The Freedom Foundation has filed a lawsuit on behalf of four family child-care providers who object to being forced to pay union fees and otherwise associate with SEIU 925.
OLYMPIA — In a case that could enfeeble public-sector unions, a conservative group is suing Washington state and SEIU 925, challenging the union’s role as the exclusive representative for thousands of subsidized day-care providers.
The Freedom Foundation, an Olympia-based think tank, filed the federal lawsuit this week on behalf of four family home-care providers who object to being forced to pay union fees and otherwise associate with the union.
During a news conference on the steps of the state Supreme Court, lawsuit backers said Thursday they hope to secure a U.S. Supreme Court ruling ending the longstanding right of unions like SEIU to act as exclusive bargaining units for entire groups of workers.
“If we’re successful … we will leave every worker, every provider, every citizen free to decide for themselves what they want to do about unions,” said Milton Chappell, senior staff attorney with the National Right to Work Legal Foundation, a Virginia-based organization also aiding in the class-action lawsuit.
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A ruling in favor of the conservative group would be a major blow to organized labor, which already has seen its clout diminished over decades of declining union membership.
“The viability of public-sector unions in Washington state is at stake in this litigation,” Elizabeth Ford, a labor-law expert and visiting professor at Seattle University School of Law, said in an email.
The case challenges “a central proposition” in U.S. labor law since the New Deal — that a union, once elected by a majority of workers in a workplace, has the authority to bargain on their behalf, Ford said.
An SEIU 925 leader dismissed the case as an attack by anti-labor forces and noted only four people signed on as plaintiffs, out of about 7,000 child-care providers represented by the union.
“We’re standing strong,” said Marie Keller, family child-care provider chapter president for the union. Keller said providers have achieved substantial gains since the union was certified to represent them in 2006, getting higher subsidy payments, training and other benefits.
“Before we were organized, we suffered financial losses every time the state was hit hard by tough economic times. Now we’re able to have a voice at the table,” she said.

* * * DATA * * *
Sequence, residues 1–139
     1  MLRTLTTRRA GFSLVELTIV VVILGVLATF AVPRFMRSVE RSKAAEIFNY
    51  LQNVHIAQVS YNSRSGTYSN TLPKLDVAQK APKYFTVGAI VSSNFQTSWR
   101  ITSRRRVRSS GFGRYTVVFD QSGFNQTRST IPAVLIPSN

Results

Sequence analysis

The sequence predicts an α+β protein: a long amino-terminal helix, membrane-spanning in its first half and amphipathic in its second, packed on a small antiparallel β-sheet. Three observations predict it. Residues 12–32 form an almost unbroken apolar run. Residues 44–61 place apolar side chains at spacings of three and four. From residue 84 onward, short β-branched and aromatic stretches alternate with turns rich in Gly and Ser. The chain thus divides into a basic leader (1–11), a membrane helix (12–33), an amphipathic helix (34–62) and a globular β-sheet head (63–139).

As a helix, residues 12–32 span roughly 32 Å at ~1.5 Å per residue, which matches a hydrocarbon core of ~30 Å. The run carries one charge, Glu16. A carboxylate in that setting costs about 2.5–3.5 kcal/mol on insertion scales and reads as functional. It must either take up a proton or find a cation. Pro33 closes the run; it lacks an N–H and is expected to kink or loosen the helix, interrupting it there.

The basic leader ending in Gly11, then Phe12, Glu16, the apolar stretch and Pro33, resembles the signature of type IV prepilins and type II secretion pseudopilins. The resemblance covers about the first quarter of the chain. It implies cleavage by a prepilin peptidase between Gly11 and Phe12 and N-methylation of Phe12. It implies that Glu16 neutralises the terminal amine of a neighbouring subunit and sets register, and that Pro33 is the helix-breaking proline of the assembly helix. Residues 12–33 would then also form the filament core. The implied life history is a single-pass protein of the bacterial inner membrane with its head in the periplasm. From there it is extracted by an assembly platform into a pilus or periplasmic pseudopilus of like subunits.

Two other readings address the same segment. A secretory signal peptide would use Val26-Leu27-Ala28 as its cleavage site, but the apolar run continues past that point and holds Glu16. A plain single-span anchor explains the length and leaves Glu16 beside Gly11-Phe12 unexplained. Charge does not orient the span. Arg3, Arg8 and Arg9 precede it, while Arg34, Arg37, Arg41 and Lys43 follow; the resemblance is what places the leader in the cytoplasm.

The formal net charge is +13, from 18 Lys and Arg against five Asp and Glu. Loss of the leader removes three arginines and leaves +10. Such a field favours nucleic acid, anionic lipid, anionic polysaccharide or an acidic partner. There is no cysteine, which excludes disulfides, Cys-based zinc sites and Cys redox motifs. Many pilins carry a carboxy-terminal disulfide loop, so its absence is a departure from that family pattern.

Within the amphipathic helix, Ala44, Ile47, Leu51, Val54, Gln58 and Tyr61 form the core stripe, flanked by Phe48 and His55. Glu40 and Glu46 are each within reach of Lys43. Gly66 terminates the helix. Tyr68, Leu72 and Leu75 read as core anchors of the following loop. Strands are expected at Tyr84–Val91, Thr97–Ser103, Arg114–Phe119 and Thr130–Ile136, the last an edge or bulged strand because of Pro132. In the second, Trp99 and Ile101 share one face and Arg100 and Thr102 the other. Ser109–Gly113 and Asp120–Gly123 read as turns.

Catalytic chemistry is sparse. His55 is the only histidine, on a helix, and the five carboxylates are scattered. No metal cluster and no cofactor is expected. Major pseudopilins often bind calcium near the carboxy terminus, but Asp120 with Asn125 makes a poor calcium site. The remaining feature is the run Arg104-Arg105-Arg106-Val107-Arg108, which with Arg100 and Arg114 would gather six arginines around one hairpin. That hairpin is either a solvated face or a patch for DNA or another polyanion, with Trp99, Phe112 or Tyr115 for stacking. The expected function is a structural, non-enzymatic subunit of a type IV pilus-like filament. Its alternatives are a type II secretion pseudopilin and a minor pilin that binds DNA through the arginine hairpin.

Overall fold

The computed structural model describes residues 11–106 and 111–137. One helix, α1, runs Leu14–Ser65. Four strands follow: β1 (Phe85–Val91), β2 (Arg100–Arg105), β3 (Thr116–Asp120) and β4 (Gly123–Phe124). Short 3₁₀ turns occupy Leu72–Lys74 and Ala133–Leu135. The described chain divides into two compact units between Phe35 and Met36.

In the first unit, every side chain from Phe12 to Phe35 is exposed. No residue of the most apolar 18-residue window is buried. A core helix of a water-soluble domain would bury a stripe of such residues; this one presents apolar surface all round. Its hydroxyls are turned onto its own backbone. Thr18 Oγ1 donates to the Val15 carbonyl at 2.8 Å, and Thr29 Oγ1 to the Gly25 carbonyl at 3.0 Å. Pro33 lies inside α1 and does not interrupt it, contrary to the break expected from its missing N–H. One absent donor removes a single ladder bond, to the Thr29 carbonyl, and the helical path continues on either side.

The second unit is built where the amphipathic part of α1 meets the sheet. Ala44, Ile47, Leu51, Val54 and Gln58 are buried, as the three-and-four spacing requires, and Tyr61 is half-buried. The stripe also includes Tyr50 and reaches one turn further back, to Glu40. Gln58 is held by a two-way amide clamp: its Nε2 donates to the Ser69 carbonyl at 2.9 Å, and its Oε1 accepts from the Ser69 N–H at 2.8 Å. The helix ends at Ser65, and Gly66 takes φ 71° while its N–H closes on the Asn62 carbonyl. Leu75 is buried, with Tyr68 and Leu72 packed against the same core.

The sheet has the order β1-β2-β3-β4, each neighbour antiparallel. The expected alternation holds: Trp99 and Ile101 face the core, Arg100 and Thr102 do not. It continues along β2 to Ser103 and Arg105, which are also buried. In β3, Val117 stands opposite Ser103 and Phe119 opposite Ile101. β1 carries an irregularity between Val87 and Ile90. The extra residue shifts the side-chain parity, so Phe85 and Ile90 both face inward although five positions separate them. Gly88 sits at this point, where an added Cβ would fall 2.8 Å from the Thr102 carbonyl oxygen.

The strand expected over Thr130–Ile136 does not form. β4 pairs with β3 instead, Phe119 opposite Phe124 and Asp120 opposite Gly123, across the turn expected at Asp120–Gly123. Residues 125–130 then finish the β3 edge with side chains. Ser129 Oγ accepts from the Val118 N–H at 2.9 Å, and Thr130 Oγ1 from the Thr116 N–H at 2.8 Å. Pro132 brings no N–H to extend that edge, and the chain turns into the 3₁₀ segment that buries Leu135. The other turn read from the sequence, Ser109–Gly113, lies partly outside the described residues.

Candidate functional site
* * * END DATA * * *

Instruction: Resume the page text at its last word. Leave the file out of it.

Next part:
But the child-care providers who joined the lawsuit object to the union’s liberal political activism.
Cindy Mentele, a Shoreline family child-care provider who is the lead plaintiff in the lawsuit, said in a written statement she hoped it would “shed some light on the shadowy relationship between the state and SEIU,” calling the union “more of a political organization than an employee union.”
The lawsuit seeks to build on the U.S. Supreme Court’s Harris v. Quinn ruling last year that struck down the ability of unions like SEIU to collect mandatory fees from workers to cover collective-bargaining expenses.
Despite that ruling, Freedom Foundation officials said, some workers here have had to repeatedly pester SEIU before the union stopped deducting the fees. The lawsuit seeks repayment of all such payments for the past three years, plus attorneys’ fees and damages.
James Abernathy, a Freedom Foundation attorney, said the state and union are not advertising the option for workers to halt union payments because “they both thrive on an ignorant bargaining unit.”
In addition to SEIU, the lawsuit names Gov. Jay Inslee and other state officials. Inslee’s office had no comment Thursday. Attorney General Bob Ferguson’s office also had no immediate comment.
The Freedom Foundation has tangled with unions in the courts before. Its CEO, Tom McCabe, pointed to the organization’s lawsuit against the state teachers union, which resulted in a 2007 U.S. Supreme Court ruling that said unions must get permission from members before using mandatory dues for political purposes.
“Our case today will help finish the job,” McCabe said.